Valentine’s Day.

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A confession: I quite like Valentine’s Day.

Not the commercialism. Not the pressure to make it a perfect indulgent trembly sexfest. But I do like the sense of obligation. The expectation you should spend time with your loved one.

Or loved ones.

Or anybody special in your life.

It’s nice to set aside a day to recognise their impact on your life/emotions/libido.

It’s not just for couples, or a day to take stock and mourn your singleness. Don’t focus on what you think you lack. Just enjoy togetherness! Call your best friend for a long chat, make your housemate a cup of tea and tell them they’re awesome or even take your parents out for dinner. When I was a teenager, I used to buy my mother flowers on my way home from school on Valentine’s Day. My father worked away for most of my adolescence and couldn’t afford to do the big mail order bouquet thing. So I’d give my mother a humble bunch of something pink or white on the day, to remind her she was loved by all of us and to tide her over until my father came home days later with something slightly more elaborate. She didn’t need either of our bouquets, but we liked to give them.

I’m a big fan of celebrating love – any sort of love. It’s great. All kinds. Platonic, familial, romantic, erotic, kinky, gay, straight and everything else that ties us to other humans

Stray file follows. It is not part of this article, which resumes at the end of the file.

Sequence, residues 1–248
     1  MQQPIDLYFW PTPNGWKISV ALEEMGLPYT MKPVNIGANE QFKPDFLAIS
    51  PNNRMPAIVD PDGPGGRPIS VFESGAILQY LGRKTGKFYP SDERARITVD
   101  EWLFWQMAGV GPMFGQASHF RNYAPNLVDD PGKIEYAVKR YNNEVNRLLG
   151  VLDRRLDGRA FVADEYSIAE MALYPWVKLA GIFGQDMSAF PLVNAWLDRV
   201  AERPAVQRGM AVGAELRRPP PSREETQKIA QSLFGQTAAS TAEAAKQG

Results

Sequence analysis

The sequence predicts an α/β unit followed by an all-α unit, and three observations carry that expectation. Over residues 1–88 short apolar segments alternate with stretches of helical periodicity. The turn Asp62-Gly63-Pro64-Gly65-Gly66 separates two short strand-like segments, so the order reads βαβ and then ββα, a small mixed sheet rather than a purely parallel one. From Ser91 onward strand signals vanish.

If you don’t habitually let someone know how important they are to you, 14th February is pretty handy. I consider it a little check-in for relationships. Not ideal, but useful. Of course it’s nice to do it more than once a year, but gestures/expressions of love don’t necessarily come easily to everyone. Especially if you’re more reserved in your affection. Or particularly busy.

I’m not reserved in my anything. But I am certainly busy. I am overworked and underpaid. A frazzled nightmare of a workaholic. I, for one, appreciate the obligation of Valentine’s Day. I’m taking 14th February as a cue to text my best friends and my parents and tell them I love them. And to uncharacteristically turn off my computer and take my girlfriend out on a date.

I’m lucky enough to be in love with a tremendous woman. But I’m not around as much as I’d like to be. I’m not as present as I could be when we do get together. I don’t think holding hands while I organise rehearsal schedules counts as a proper date. I’m perpetually distracted or exhausted. And she’s so understanding. She’s patient and proud and constantly there for me when I’m mindless with fatigue.

So yes, it’s only Valentine’s Day. Yes, it’s tacky and clichéd and the lowest of holidays. But tomorrow I spend the day with my girlfriend. Whom I love. Society expects it. And for once I shall bow to society’s arbitrary requirements, if it makes me stop working myself into the ground, appreciate the fucking amazing people in my life and take my girlfriend out for flirting and a movie.

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